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Great Slave Lake oblique aerial photographs


This data group includes photographs taken from a fixed wing float plane that circumnavigated the Great Slave Lake on August 29, 2014. Photos were taken from three different cameras and hand held Nikon DSLR, A contour 2+ action camera mounted on the wing of the aircraft that took photos every 3 seconds and a GoPro Here 2+ wide angle action camera mounted in the window that took photos every 5 seconds. A thorough description of the flight path is provided in the Chapter 3 Appendix of Natalie Kramer's dissertation (link here) and in the supplemental information file ( for GRL article "Driftcretions: The legacy impact of driftwood on the landscape" ( The file contains location coordinates in a GIS shapefile and KMZ file for each photo in the provided folders.


This project aims to qualitatively describe and quantitatively estimate volumes of driftwood that are exported to the Arctic Ocean through the Mackenzie River Basin in northern Canada. Work from this project has been featured in a National Geographic blog ( Questions and inquiries about this project can be sent to Natalie Kramer ( A promotional video of this research can be viewed here (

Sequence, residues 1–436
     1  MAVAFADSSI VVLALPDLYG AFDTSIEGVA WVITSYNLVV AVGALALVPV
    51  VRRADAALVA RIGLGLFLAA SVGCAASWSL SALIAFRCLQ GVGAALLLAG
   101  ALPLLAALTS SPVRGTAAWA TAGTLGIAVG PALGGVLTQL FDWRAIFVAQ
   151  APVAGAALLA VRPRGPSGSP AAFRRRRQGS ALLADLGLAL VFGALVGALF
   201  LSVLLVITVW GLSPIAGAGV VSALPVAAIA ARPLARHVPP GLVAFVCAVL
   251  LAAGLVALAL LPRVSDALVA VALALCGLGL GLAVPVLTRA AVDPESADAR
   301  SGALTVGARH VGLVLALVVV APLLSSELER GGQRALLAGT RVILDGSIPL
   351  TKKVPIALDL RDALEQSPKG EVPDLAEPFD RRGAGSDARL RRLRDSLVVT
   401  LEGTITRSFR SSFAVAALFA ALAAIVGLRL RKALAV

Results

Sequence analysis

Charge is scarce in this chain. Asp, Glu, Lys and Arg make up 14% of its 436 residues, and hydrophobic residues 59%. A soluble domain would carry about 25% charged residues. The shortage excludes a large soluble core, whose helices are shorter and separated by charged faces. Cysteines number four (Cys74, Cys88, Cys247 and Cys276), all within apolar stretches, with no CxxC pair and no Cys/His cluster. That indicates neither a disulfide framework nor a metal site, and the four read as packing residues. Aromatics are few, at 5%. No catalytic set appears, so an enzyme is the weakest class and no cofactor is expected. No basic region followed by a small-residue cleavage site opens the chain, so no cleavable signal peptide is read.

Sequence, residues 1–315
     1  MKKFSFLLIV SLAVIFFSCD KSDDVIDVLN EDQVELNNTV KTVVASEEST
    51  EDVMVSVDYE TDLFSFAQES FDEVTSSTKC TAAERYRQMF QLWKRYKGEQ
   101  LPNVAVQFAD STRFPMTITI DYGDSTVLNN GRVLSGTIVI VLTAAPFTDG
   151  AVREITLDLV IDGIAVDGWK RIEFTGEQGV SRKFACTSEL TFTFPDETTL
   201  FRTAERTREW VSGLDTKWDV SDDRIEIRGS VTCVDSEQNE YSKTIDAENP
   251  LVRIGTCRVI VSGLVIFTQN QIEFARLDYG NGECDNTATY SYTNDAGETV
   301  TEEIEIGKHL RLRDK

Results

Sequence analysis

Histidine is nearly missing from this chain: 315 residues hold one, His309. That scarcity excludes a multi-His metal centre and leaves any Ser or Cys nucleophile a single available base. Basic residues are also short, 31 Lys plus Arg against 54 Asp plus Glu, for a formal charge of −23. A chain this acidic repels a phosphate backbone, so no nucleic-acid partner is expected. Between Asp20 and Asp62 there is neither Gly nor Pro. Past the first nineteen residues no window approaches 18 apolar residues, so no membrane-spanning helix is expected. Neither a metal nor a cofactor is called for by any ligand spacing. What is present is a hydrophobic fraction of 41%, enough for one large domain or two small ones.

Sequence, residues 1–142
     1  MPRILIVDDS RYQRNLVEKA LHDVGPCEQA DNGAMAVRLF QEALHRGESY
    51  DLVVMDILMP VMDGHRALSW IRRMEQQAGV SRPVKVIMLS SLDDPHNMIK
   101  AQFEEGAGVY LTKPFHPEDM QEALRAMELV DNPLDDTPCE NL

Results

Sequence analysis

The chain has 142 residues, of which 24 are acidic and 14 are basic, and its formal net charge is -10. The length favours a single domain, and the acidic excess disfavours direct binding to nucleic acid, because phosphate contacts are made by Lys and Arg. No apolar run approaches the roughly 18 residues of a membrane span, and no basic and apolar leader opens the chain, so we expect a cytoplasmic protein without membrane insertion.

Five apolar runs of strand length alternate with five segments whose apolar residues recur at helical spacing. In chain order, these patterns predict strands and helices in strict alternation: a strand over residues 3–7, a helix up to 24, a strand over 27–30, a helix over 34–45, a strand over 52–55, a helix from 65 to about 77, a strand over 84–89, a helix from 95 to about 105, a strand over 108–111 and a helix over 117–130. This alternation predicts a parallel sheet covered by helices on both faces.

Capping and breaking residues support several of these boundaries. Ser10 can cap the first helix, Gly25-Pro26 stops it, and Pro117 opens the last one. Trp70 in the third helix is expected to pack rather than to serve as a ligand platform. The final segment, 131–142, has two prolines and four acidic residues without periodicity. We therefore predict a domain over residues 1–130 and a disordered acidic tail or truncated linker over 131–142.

The impacts of large amounts of driftwood on waterscapes - ecological and physical - are absolutely stunning both in scale and in aesthetics. In rivers draining the mostly undammed Mackenzie basin in Canada, landscape features associated with wood are abundant and reflect conditions that were likely more common in northern latitudes world-wide for the last 10,000 years up to about 200 years ago. As the world's last free flowing rivers are rapidly dammed for hydropower, we seek (eventually) to answer: how will diminishing transport of driftwood impact the biodiversity of river corridors and marine environments? How much more at risk are wood depleted coastlines from erosion associated with sea level rise and extreme weather? And, what impact will wood depletion have on freshwater and marine fisheries?
Department of Geosciences

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Associated Publications

Kramer, Natalie, Great River Wood Dynamics in Northern Canada. (Unpublished doctoral dissertation), Colorado State University, 2016.